She spontaneously mentioned Arderne’s works as a potentially relevant source, as well as alchemical and esoteric works such as Books of Secrets. The stars in the margins are more common than we think, but often have been lost in other manuscripts due to trimming. The big foldout is, according to her, a sort of a map, but not a literal one, including fictive cities mixed in with other concepts. While we hobbyists may often complain about not enough tests being done on the Voynich, she explains that in fact, what little testing has been done is more than most medieval manuscripts will ever receive.
Some may be disappointed by her reluctance to make more definitive assertions about the Voynich, but I can understand that she would rather err on the side of caution and also, I’m sure there is a lot she will be telling us in the future: she plans to publish more Voynich research, hopefully as a post-doctoral project, ideally in collaboration with other medieval art specialists, which I think would be wonderful.
As she says at the end of her paper, it is not intended as a closing argument, but as a beginning.
I am really glad that there is finally an academic of her caliber, with the adequate qualifications to really bring something useful to the field, and who is committed to giving the Voynich a proper study. It gives me a lot of hope.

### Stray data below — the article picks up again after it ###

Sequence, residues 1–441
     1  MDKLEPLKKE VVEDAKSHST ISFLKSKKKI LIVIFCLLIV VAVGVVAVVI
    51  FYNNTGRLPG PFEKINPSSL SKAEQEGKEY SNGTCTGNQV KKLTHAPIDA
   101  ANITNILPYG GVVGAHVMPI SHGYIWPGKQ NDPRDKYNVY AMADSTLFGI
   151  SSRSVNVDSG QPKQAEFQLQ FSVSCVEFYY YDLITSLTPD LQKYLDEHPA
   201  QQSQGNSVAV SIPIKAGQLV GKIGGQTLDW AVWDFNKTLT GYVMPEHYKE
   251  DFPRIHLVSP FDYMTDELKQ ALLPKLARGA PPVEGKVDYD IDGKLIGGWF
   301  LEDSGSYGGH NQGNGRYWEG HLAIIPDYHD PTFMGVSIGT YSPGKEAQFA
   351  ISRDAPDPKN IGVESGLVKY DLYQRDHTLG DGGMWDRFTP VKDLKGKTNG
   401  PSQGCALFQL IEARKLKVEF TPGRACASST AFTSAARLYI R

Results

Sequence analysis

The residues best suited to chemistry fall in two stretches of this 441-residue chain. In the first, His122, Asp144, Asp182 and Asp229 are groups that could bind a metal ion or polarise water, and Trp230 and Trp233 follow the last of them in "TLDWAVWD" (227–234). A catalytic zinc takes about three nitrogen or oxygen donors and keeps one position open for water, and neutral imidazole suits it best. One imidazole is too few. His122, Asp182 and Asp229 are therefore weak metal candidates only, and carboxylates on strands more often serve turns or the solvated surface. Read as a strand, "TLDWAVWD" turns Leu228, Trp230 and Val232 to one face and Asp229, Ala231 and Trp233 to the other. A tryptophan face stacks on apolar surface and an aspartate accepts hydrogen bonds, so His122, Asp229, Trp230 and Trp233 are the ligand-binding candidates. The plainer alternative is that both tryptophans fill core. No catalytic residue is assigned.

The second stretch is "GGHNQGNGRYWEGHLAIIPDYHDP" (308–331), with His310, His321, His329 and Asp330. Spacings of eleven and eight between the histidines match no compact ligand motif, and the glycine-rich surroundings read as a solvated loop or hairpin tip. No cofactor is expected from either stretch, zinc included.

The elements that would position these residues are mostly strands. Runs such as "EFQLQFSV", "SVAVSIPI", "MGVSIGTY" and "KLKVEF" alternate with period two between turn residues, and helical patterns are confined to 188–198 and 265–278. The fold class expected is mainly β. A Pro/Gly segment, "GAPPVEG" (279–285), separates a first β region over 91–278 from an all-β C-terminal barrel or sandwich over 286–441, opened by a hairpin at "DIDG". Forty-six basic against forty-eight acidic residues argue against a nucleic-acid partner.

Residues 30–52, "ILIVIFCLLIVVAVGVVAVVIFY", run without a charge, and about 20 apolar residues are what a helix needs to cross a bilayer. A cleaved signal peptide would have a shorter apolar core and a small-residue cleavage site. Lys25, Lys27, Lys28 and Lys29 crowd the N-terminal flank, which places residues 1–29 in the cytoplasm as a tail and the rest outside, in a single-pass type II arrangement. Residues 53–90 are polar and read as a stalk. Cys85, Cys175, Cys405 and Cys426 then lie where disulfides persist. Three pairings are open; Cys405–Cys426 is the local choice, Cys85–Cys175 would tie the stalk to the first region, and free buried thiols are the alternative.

4 thoughts on “A Voynich Presentation at Oxford

  1. Thank you, VoynichViews! I find your transcription of the Q&A very informative and I totally share your appreciation and your hopes for Marraccini’s work.


  2. My ears must have been burning that day! 🙂

    Thanks for a very detailed summary of the Q&A, it was like having a seat in the front row. 🙂

    I will, of course, blog about Marraccini’s particular angle on the Voynich shortly. But for me, the central issue is how we can collectively transcend the microdetail–microsimilarity–macroconclusion methodology that both dominates and yet holds back Voynich research.